Center of activity
New and renovated space to be part of recreation facility’s multimillion-dollar makeover
The University hopes to redefine the concepts of health, fitness and wellness with its new Maverick Activities Center.
“It’s going to be the center of student life,” Campus Recreation Director Sharon Carey said. “It will provide students with enormous opportunities to engage themselves on campus—from a health, physical, wellness, social and academic standpoint.”
The project, scheduled to break ground in October, will boast 80,400 square feet of new construction, as well as improvements to 119,000 square feet of existing Activities Building space.
New construction on the first floor will include a wellness resource center for students, faculty and staff; training and office (conference) space for Campus Recreation; four multipurpose rooms to accommodate yoga, pilates, martial arts, wrestling and fencing; and two basketball courts added to the existing Blue Gym. Here, an elevated track will let patrons look down onto the gym floor. All gym floors will be resurfaced.
The building’s 6,000-square-foot spine will feature a lounge and Internet café. Much of this “social zone” will be enclosed in glass with natural light flowing from a clerestory.
Also on the first floor, existing locker rooms will be gutted and fitted with wood-finished suites, complete with private shower stalls for both men and women. The existing Yellow Gym will become a multi-activity center, with dasher boards for indoor soccer and floor hockey. Combatant equipment such as punching bags will also be in this area.
The current Fitness Center will become one of the four multipurpose areas and will accommodate spirit groups, as well as badminton, wrestling, aikido, fencing and archery.
Plans for the second level include a new, 20,000-square-foot fitness center with nearly 80 pieces of cardiovascular exercise machines, three circuit training units (each containing more than 12 machines), more than 5,000 square feet of free weights and a dedicated space for core strength conditioning and stretching.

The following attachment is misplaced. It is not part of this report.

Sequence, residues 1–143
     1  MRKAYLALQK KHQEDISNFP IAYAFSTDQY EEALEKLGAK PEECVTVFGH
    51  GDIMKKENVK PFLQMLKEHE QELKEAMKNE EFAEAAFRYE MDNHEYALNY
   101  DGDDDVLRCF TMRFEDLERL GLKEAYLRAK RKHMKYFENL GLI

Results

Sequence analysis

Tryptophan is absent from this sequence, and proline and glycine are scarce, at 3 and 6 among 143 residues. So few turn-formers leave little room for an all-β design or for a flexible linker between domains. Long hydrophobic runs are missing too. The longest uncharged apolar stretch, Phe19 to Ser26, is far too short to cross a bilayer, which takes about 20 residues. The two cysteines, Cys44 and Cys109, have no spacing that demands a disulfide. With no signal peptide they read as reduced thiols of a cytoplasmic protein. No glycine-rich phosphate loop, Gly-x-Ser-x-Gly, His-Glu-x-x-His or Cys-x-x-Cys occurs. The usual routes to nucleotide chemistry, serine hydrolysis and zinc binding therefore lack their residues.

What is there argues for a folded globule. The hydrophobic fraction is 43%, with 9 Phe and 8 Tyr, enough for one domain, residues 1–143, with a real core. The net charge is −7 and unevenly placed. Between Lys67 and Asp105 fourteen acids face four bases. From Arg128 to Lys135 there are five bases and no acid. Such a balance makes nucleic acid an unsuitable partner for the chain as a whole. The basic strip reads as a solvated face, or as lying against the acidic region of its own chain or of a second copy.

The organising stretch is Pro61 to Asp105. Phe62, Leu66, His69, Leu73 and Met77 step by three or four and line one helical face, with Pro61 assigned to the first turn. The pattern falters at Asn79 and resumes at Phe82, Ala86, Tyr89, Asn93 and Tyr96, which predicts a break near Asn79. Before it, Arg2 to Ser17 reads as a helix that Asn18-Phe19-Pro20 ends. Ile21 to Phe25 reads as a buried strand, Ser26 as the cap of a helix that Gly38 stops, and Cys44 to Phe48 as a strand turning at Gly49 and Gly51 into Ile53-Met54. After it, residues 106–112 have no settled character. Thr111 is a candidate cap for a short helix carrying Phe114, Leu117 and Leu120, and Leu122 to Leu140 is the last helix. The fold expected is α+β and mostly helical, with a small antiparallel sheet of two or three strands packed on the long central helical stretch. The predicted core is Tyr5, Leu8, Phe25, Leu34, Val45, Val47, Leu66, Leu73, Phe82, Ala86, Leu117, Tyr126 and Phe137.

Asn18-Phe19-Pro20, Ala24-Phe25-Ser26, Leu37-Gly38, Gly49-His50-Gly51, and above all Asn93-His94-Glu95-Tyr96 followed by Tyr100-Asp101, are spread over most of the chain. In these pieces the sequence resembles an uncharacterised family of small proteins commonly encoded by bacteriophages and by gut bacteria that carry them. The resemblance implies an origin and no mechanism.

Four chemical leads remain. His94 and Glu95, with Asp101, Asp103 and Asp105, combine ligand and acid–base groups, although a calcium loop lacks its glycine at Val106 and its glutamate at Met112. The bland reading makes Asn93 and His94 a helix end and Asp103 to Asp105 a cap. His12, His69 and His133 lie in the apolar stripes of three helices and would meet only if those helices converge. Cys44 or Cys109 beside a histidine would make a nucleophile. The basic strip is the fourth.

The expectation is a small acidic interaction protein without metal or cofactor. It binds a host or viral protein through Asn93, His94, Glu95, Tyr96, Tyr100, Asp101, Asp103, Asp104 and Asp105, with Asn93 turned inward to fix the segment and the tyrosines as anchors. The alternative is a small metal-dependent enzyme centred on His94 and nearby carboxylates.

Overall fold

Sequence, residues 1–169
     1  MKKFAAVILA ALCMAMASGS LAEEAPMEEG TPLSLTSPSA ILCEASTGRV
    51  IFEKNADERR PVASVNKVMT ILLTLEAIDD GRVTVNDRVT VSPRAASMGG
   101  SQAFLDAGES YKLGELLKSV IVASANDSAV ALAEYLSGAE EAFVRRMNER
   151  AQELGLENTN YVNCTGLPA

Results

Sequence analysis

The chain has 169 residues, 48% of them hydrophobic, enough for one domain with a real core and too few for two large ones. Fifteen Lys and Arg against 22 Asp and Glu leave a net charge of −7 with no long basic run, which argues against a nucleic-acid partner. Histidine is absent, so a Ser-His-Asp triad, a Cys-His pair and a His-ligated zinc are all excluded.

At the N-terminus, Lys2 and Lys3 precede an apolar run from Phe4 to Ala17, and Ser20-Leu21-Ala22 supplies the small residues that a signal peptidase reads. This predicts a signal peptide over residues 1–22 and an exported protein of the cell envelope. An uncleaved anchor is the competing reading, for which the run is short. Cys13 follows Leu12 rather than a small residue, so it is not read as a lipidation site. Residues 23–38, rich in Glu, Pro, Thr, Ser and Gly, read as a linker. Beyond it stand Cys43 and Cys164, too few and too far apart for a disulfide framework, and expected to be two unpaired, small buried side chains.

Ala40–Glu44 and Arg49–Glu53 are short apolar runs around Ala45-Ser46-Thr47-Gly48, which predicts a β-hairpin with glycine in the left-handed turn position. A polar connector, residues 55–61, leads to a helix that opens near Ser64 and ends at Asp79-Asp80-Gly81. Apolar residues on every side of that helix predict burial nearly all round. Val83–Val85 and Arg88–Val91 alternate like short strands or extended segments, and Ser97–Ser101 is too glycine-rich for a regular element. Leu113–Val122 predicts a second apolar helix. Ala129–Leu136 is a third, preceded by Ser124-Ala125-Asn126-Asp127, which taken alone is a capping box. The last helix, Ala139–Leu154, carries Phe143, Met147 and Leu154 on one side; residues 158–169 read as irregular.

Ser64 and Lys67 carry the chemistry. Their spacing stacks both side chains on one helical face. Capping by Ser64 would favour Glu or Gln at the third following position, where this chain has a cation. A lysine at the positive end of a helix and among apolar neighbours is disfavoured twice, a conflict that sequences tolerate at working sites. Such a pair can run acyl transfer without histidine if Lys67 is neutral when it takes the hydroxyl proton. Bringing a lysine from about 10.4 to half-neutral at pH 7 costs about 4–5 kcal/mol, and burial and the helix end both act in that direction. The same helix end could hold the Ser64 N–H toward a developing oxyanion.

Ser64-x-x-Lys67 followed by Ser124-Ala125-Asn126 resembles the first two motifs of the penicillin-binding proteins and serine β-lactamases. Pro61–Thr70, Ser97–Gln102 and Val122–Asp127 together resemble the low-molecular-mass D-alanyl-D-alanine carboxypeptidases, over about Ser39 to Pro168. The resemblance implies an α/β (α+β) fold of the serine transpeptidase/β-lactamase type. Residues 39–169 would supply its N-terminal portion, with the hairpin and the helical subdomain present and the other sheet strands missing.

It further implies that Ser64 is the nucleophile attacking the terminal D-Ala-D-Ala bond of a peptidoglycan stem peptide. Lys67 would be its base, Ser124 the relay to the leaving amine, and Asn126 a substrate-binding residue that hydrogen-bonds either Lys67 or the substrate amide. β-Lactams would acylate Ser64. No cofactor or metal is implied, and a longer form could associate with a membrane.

Three consultation rooms will be used in partnership with academic areas such as nursing and kinesiology to conduct health profiles, fitness testing, blood pressure checks and nutritional consultation, as well as gain one-on-one information and support for health-related issues. A 30-person classroom will allow for campus lunch-and-learns on nutrition and exercise and other health- or recreation-related training.
Carey points out that alumni, students, faculty and staff will have the opportunity to become involved at any level with the new building.
“Even sports clubs will have a home and adequate space so they can continue to grow and bring in student spectators and make that connection with the campus,” she said.
During the planning stages, architects PageSutherlandPage conducted student, faculty, staff and wellness focus groups. Factors identified included a more defined front entrance, updated locker rooms, more fitness and weight-training space, visibility and connection to the campus with natural light (windows will be added to the gyms to the north on the second level), a social center and more gymnasiums.
“The new recreation center won’t just be about working out anymore,” biology junior Brieonna Gardner said. “I think it’s going to create more excitement and opportunities for students who already use it and for those who may never have considered using it before.”
The $32 million project, part of President James D. Spaniolo’s Student Life Initiative, is being funded with bond proceeds, which will be repaid over 30 years with funds from the campus recreation fee. John Hall, vice president for administration and campus operations, noted that students passed a referendum in 2005 to increase this fee to fund the improvements.
That fee will start being paid once the center opens in September 2007 (with the improved portion opening February 2008). Beyond that, memberships will continue to be available to alumni, faculty, staff and the community.
During construction, the Fitness Center, Yellow Gym and racquetball courts will remain open. The locker rooms will be closed until September 2007; however, locker rooms in the Physical Education Building will be available. Other disruptions include the closing of the east entrance. Members may enter to the north or south.
“Forty-eight percent of our students use the facilities now,” Carey said. “We expect that number to jump to at least 75 percent when the Maverick Activities Center opens.”
Alumni use will likely increase as well.
“Being able to reconnect with the University by using the Fitness Center is already a great experience,” Shireen Eljizi (’04 BA) said. “But the new Maverick Activities Center can only better that experience with the new state-of-the-art equipment and space it will offer.”
Follow the building’s progress at www.uta.edu/mac.
— Susan M. Slupecki